Professor Shestowsky Publishes Study on ‘The Psychology of Procedural Preference'
Professor Donna Shestowsky has authored a new study, "The Psychology of Procedural Preference: How Litigants Evaluate Legal Procedures Ex Ante," on the legal procedures preferred by people involved in civil lawsuits at the start of their cases. The study, recently published in Iowa Law Review, finds that people involved in civil lawsuits prefer mediation to nonbinding arbitration and like judge trials more than jury trials.
"The clear overall preference that litigants expressed for mediation over nonbinding arbitration has important implications for courts that want to draw litigants into their voluntary ADR programs, especially if they offer only one ADR procedure," Shestowsky said. "This finding helps to resolve a long-standing debate over which of the two procedures litigants prefer."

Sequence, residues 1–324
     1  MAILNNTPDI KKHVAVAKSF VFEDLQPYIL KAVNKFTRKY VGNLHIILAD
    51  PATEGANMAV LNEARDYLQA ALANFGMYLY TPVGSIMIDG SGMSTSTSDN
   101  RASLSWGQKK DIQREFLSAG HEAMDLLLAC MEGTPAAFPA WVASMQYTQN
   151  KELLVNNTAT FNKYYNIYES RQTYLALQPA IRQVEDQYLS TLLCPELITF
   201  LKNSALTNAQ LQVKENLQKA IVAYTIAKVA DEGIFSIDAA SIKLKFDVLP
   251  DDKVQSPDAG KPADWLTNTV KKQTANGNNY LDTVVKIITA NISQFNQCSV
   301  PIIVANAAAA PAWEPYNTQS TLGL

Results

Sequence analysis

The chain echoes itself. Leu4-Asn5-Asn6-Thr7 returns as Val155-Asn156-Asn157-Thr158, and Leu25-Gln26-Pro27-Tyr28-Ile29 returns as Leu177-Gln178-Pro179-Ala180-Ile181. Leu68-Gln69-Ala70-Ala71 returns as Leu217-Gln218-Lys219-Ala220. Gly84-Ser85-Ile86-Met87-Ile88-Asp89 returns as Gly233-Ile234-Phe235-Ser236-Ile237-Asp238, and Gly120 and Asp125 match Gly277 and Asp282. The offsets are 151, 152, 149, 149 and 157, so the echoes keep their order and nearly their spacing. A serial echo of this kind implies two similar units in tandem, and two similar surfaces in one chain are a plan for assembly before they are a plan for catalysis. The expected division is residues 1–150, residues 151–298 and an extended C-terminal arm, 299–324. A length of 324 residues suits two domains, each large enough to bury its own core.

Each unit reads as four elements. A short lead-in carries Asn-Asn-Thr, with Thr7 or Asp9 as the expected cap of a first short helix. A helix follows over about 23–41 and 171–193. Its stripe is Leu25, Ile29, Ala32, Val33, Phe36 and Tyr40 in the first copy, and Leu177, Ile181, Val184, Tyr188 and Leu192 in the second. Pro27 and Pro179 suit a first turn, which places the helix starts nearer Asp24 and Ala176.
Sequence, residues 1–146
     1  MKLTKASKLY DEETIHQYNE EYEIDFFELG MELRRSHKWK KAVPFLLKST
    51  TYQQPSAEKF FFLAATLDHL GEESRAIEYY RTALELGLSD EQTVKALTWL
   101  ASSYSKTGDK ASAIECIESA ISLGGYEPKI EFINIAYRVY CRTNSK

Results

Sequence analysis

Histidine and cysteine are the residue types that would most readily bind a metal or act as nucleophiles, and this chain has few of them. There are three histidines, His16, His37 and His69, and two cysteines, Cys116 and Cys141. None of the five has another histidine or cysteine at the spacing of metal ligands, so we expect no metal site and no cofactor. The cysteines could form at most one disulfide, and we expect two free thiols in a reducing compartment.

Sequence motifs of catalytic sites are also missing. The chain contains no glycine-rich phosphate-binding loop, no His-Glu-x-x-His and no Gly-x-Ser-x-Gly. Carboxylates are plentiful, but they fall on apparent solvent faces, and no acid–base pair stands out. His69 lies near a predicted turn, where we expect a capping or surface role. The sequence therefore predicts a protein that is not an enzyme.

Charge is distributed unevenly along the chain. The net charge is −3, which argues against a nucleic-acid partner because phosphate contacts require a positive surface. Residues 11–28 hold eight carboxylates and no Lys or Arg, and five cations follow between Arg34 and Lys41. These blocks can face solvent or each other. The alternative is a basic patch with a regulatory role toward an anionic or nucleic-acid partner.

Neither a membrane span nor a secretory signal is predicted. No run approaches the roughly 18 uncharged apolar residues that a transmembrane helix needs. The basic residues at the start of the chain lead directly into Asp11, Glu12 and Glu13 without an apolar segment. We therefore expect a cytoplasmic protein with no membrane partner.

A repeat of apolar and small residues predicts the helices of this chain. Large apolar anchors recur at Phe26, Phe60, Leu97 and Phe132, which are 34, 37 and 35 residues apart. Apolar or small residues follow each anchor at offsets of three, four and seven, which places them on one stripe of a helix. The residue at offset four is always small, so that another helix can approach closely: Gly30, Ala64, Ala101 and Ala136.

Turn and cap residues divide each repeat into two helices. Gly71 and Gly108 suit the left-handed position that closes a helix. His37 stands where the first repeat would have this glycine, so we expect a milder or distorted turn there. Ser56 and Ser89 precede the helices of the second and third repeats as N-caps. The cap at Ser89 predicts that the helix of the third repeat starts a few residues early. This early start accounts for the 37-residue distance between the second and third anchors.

Shestowsky's groundbreaking project is the first multijurisdictional study exploring how civil litigants assess procedures at various points during the same lawsuit. This is the first publication in a multi-paper series, examining litigants' preferences at the beginning of a case. Subsequent papers will explore litigants' views at the end of their lawsuit.
Donna Shestowsky, who has both a law degree and a PhD in Psychology, is a Professor at UC Davis School of Law, where she teaches Criminal Law, Negotiation Strategy, Alternative Dispute Resolution, and a seminar in Legal Psychology. She was the 2007 recipient of the Law School's Distinguished Teaching Award.
"The Psychology of Procedural Preference: How Litigants Evaluate Legal Procedures Ex Ante"